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Kanye West Presents Sunday Service

Source: Kevin Mazur / Getty

Kanye West has been unusually silent after his presidential campaign came and went, but his name still makes headlines just the same. In a new report, staff workers who assisted the rapper and producer with his Sunday Service events are gathering to file a lawsuit that could reach up to $30 million if all factors align.

The UK Sun spoke with a number of sources close to West and some of the aforementioned staffers who worked with the Chicago superstar across several of his lavish productions. The outlet made note of a pair of class-action lawsuits filed in 2020 regarding West’s Nebuchadnezzar opera production from 2019.


Last summer, Kanye was hit with two class-action lawsuits over the production of his first “opera,” entitled Nebuchadnezzar, at the Hollywood Bowl in November 2019. By way of a law established in California, anyone who worked on the production even if it were just one day should be rightly designated as an employee and not a freelance or contract worker.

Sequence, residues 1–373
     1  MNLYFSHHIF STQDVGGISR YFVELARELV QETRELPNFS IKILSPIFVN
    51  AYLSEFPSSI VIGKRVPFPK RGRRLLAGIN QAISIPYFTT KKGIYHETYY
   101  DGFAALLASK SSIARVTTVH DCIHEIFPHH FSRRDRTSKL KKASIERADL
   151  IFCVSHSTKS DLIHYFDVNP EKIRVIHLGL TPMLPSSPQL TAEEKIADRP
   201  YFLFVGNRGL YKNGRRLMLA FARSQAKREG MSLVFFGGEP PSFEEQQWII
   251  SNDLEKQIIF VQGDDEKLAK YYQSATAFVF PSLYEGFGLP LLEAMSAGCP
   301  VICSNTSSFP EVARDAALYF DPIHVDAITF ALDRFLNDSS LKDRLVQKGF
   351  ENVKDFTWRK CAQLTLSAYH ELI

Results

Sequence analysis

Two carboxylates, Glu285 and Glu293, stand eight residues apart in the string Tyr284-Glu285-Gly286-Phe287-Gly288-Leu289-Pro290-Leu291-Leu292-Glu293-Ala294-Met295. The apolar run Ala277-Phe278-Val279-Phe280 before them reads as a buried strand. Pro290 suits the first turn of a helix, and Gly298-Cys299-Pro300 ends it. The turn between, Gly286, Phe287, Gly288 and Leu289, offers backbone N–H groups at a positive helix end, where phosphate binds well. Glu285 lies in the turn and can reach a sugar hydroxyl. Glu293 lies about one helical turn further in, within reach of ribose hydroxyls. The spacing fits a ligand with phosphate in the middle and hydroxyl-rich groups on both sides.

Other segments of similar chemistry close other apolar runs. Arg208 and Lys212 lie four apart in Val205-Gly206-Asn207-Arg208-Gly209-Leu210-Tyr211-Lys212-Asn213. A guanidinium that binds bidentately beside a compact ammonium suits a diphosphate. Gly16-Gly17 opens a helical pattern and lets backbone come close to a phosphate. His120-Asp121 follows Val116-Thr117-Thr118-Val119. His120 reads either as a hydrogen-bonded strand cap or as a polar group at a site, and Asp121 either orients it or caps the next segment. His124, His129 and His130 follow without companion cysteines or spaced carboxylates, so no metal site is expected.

Plaintiffs allege that they were not afforded any of the usual worker rights of overtime pay or lunch and rest breaks, and many say they were either paid late or not at all. Although the two lawsuits were the focus of the report, it appears that more plaintiffs will come forth with the assistance of lawyers in separate filings to come with hundreds of people stating they were unpaid and mistreated.

“They’ve got hundreds of people on board already, but they’re talking to many, many others, who want to be a part of it. People are very upset how they were treated, saying it’s their worst experience,” said one source to The Sun.

With the potential for up to a thousand people willing to sign on to sue West, the source believes that he could settle for less or be slapped with a $30 million bill. Much of this appears to be speculative but it is indeed a developing story.

Photo: Getty

Billionaire Kanye West Facing Potential $30M Lawsuit After Allegedly Stiffing Sunday Service Staffers  was originally published on